The modified approach was used in 2011 to rate six CF CMBS transactions. When investors questioned certain aspects of the ratings for some transactions, S&P’s senior management reviewed the ratings and discovered the use of blended constants. The ratings were withdrawn for two transactions. Later the other transactions were reviewed and a press release issued stating that the ratings were consistent with S&Ps rating definitions. Investors were not told about the change in methodology.
S&P had internal controls designed to ensure that the ratings assigned used approved criteria. Those controls were deficient. S&P I alleges violations of Exchange Act Section 17(a)(1), which prohibits fraudulent conduct, Section 15(E)(c)(3), regarding internal controls and certain record keeping rules.
To resolve S&P I, the firm admitted the facts in Annex A which basically outline those on which the Order is based. The firm also entered into certain undertakings which included an agreement to refrain from making preliminary or final ratings for any new issue U. S. conduit/fusion CMBS transaction for twelve moths and to adopt, implement and maintain polices and procedures and internal controls that address recommendations and issues identified in a specified letter and to submit a report on those new policies and procedures. In addition, the firm consented to the entry of a cease and desist order based on the Sections and Rules cited in the Order and to a censure. S&P will pay $6.2 million in disgorgement, prejudgment interest and a civil penalty of $35 million.
S&P II centers on the publication in 2012 of an article describing an internal study regarding CMBS Criteria. Specifically, the article depicted what it called an average commercial mortgage loan pool losses of about 20% under Great Depression levels of economic stress. The article was based on significant assumptions that were not disclosed. The firm also failed to accurately describe certain aspects of its 2012 CMBS Criteria used to determine credit ratings on 25 CF CMBS between October 2012 and 2014. The Order alleges violations of Exchange Act Section 17(a)(1) and Rule 17g-2(a)(6) which requires NRSROs to make and retain books and records which are complete and that document the established procedures and methodologies used to determine ratings. S&P resolved the proceeding by agreeing to certain undertakings and consenting to the entry of a cease and desist order based on the Section and Rule cited in the Order. In addition, the firm agreed to pay a civil penalty of $15 million.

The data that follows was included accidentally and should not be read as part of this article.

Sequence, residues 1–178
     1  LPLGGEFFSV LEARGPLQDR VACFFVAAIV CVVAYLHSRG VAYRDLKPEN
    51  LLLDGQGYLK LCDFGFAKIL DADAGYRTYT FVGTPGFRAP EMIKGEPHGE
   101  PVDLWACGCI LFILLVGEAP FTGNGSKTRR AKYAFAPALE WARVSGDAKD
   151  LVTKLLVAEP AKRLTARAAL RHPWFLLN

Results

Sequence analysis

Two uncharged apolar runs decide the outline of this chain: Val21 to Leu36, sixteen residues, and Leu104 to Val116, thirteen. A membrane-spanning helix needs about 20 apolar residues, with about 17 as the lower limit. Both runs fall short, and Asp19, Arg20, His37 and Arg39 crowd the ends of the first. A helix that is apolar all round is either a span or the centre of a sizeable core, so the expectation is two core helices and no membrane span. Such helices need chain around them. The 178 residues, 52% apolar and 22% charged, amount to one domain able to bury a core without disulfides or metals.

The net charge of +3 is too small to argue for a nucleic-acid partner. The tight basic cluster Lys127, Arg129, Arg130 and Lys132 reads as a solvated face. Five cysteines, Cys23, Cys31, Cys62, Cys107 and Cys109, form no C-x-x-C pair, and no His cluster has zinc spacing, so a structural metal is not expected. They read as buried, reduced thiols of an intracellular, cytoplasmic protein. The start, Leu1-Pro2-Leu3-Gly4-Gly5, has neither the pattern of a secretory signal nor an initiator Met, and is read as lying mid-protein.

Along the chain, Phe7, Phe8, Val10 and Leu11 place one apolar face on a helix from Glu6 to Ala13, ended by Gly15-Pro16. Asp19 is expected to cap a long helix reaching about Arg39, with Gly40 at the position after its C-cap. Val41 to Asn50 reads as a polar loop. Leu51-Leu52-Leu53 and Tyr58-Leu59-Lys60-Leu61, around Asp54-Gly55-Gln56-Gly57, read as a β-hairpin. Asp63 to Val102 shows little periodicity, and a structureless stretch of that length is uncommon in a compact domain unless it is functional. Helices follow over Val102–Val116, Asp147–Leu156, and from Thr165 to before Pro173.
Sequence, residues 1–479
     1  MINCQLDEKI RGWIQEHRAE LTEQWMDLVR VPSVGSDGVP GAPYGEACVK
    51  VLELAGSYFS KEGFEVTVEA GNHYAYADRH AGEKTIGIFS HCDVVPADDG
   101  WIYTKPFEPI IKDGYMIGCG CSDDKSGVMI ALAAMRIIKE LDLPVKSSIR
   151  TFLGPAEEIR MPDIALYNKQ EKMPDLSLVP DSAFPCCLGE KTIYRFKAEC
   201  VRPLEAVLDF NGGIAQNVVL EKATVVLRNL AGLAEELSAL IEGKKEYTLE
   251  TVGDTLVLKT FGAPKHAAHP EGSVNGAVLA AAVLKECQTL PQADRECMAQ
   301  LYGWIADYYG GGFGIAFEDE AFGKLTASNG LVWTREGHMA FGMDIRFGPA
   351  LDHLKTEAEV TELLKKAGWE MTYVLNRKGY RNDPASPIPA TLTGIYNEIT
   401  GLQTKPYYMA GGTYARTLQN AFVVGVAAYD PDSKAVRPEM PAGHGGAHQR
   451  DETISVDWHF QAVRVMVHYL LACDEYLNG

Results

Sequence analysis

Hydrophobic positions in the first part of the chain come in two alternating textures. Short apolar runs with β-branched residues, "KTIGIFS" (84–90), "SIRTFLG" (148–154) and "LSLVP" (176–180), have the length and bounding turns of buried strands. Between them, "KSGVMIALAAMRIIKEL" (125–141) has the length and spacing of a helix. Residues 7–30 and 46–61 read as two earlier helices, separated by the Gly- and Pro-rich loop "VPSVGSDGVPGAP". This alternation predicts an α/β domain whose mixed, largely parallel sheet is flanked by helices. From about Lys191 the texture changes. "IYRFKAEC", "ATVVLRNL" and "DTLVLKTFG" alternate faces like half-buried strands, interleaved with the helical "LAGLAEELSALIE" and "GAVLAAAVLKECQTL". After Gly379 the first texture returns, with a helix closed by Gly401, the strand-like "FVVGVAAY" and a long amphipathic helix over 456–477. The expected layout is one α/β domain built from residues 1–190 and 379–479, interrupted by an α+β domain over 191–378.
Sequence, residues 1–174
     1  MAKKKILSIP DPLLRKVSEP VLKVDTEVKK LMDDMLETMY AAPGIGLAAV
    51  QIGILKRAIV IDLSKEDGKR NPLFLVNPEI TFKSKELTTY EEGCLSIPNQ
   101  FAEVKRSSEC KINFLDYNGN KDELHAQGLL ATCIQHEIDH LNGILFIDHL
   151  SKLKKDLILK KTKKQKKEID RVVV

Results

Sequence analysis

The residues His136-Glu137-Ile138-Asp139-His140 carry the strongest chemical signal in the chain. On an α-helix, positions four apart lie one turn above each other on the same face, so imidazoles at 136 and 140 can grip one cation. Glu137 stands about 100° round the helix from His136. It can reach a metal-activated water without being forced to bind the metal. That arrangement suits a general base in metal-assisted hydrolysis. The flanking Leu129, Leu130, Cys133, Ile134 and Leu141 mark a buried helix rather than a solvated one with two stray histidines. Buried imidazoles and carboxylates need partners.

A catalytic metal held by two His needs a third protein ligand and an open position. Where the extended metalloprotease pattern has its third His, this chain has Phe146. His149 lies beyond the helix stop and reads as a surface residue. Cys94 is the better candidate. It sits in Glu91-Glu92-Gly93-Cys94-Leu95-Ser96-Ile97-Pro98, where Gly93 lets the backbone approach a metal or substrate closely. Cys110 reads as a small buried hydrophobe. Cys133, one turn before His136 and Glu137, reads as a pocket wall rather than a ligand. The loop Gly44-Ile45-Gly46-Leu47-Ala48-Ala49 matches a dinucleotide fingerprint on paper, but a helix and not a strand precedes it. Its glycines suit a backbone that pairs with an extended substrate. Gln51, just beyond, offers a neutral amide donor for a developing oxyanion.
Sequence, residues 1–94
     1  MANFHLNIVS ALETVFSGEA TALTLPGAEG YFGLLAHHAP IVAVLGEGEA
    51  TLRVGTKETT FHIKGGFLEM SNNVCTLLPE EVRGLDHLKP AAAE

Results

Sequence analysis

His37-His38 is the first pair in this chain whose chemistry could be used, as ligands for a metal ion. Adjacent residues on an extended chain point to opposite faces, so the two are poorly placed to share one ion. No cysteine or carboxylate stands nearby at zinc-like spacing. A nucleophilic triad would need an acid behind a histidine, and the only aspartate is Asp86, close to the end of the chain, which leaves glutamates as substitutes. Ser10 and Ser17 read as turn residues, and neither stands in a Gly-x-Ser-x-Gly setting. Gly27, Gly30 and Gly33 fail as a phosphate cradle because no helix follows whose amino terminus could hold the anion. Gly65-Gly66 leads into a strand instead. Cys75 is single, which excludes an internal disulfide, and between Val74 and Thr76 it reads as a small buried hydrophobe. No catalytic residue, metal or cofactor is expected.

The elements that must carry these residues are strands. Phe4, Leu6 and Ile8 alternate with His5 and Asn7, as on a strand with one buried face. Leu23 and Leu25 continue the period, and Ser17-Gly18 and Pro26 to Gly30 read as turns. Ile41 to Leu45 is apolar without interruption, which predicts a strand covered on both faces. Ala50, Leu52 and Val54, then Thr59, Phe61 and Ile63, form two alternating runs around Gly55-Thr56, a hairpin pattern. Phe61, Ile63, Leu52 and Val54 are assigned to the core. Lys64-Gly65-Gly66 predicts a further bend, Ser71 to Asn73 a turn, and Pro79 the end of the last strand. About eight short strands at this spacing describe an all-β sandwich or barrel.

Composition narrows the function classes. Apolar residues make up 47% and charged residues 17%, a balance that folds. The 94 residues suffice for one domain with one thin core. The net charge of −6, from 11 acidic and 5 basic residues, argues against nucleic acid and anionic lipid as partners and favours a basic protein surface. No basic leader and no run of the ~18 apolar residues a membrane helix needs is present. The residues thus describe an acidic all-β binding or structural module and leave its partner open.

S&P III is based on the failure of the firm to maintain and enforce internal controls regarding changes made to an assumption used in evaluating certain RMBS. S&P self reported this issue to the SEC and took voluntary steps to remediate the issue. The Order alleges violations of Exchange Act Section 15E(c)(3)(A) regarding internal controls and the related rules. The firm resolved the proceeding by consenting to certain undertakings which include developing measures to enhance its written polices and procedures and internal control structure. The firm also agreed to the entry of a cease and desist order based on the Section and Rules cited in the Order and to a censure. The firm will pay a penalty of $1 million.
The Barara Duka proceeding alleges that she was responsible for the actions of the analytical group within S&P that analyzed and assigned ratings to new issues of CMBS. It alleges violations of Securities Act Section 17(a) and Exchange Act Section 10(b) and certain related rules. The proceeding will be set for hearing.